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You can only really appreciate your journey at the end; looking back at your progress from the high vantage of a lofty goal gives you a greater appreciation of skills acquired, heights reached, and what you can accomplish going forward. It’s a concept that East Bay Post High Teacher Christine Yaccarino is intimately familiar with, as are her students after finishing their classwide step-tracking challenge.

East Bay Post High is a school dedicated to assisting students with additional needs transition to adulthood by providing experiences in post-secondary education, vocational training, independent living skills, community access, and connecting students with adult services and agencies. 

As part of that journey, Yaccarino thought outside the box– and outside of the school– to start the year off on the right foot. Yaccarino’s class started a yearlong step-tracking challenge.

Students downloaded an app to collect steps, and Christine Yaccarino kept an Excel spreadsheet, diligently keeping tabs and pushing her students to get out and walk around the community. 

Yaccarino’s students started tracking steps earlier this year, setting a lofty goal of ten million.

Steps were taken as of last week? More than thirteen million steps as a class. 

To be exact, thirteen million six hundred twenty-three thousand three hundred seventy-seven steps.

Miles walked collectively: five thousand, six hundred and seventy-six—more miles than Utah to Spain.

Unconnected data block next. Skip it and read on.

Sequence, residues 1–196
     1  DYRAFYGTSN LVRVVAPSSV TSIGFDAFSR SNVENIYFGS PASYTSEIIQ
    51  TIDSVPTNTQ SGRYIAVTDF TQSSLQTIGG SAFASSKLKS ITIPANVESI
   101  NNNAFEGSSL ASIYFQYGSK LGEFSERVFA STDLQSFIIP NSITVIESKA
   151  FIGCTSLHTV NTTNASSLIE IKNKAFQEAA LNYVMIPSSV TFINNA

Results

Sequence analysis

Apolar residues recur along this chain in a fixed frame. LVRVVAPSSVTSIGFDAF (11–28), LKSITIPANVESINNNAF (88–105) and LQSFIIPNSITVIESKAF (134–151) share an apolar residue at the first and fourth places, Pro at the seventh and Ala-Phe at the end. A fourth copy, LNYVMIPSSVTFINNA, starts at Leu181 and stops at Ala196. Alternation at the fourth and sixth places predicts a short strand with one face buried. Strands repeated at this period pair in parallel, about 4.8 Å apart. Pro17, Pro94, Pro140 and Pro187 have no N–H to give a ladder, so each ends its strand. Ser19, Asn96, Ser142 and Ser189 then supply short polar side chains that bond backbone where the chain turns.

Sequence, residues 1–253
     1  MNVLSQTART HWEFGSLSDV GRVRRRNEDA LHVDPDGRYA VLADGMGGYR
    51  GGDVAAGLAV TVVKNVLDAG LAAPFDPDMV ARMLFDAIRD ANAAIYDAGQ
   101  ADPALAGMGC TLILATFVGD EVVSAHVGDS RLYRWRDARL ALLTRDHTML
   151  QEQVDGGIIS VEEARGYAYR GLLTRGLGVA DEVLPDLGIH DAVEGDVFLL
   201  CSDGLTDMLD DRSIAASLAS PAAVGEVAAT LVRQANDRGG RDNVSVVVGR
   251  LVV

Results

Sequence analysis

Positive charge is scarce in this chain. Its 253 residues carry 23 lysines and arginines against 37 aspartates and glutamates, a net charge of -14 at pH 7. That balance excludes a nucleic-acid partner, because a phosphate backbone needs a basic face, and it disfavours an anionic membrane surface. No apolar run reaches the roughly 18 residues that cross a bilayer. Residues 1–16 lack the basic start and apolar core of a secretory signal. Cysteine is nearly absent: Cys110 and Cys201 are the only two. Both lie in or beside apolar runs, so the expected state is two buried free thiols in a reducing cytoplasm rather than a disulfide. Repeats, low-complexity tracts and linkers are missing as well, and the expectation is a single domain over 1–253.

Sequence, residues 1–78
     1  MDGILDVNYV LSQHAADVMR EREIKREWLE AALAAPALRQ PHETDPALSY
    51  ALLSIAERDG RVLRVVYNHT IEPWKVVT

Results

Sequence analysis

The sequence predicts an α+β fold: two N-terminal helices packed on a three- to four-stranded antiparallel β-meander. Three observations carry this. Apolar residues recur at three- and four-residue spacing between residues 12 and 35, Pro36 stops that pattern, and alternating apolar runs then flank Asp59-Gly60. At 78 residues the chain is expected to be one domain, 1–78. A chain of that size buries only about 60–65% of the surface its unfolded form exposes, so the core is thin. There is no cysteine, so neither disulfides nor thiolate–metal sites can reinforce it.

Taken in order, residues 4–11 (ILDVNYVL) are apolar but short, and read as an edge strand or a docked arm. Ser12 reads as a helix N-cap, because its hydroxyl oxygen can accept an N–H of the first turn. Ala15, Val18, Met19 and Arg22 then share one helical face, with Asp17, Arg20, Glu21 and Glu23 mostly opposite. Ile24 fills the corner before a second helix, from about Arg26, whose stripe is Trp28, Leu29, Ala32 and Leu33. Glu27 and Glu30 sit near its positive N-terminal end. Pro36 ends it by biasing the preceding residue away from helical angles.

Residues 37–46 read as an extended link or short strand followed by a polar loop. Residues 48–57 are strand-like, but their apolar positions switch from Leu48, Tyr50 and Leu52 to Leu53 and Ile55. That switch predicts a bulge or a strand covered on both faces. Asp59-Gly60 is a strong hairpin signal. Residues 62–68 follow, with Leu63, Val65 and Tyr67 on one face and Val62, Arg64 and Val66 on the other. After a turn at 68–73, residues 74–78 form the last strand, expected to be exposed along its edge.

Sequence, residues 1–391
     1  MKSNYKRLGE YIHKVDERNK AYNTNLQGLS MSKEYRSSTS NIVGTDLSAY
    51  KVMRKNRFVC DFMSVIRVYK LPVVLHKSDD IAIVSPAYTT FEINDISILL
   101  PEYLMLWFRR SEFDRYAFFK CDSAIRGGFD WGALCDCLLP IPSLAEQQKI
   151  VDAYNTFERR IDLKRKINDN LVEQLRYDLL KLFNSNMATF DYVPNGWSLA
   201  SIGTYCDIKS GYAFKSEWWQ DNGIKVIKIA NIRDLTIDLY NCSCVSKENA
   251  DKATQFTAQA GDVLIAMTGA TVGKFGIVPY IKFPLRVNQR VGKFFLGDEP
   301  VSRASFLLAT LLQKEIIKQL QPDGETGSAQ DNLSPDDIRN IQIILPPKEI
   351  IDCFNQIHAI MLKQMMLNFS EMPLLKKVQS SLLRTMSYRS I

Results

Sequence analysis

The student’s team task of gathering steps has several clear benefits, including better cardiovascular health and overall mood. But, as Yaccarino and her students pointed out, stepping out of the classroom has many hidden benefits, too.

During their statistical breakdown, students could rattle off their step statistics, add and subtract values, and quickly find the place values of large numbers.

The lesson had the benefit of teaching daily math through a practical task: students added steps, subtracted totals from goals, and divided the class goal to set personal goals. Students counted backward from ones, tens, thousands, ten-thousands, up into the billions, demonstrating keen proficiency in finding numeric place values.

Just as importantly, students are building up some essential work-life skills.

“Why do you think taking steps might be important for life after school?” Yaccarino asked.

“I need stamina for work,” one student answered.

“We’ll need to walk. Sometimes longer than three hours,” said another student, mentioning their current requirements at their part-time job.

“That’s right,” Yaccarino said. “Most entry-level positions ask you to stand the whole time. You’re going to be moving and on your feet.”

Another student in their wheelchair used the time learning to navigate crosswalks and sidewalks, familiarizing themselves with their neighborhood. 

“Navigating the community is a big part of the EBPH goal,” Yaccarino said. 

“The more they can get out around their neighborhood, the better.”

Several students are starting jobs in the summer; one began work at the Missionary Training Center, and another is soon to start a job with BYU Laundry — those that didn’t are applying to positions now.

The assignment has changed not only Yaccarino’s student’s life, but her life, too.

“The lesson inspired me. I’m getting off the couch more often to take steps whenever I’m free. I’m even competing with my kids to get steps now. I’ll get out and start walking, even in the rain. I’m sure my neighbors think I’m crazy.”

It’s a life habit with lifelong benefits. To an outsider, tracking steps might seem a small, incremental step towards bettering your life– but that’s how you make significant changes—one step at a time.

Spencer Tuinei
  • Communication Specialist
  • Spencer Tuinei

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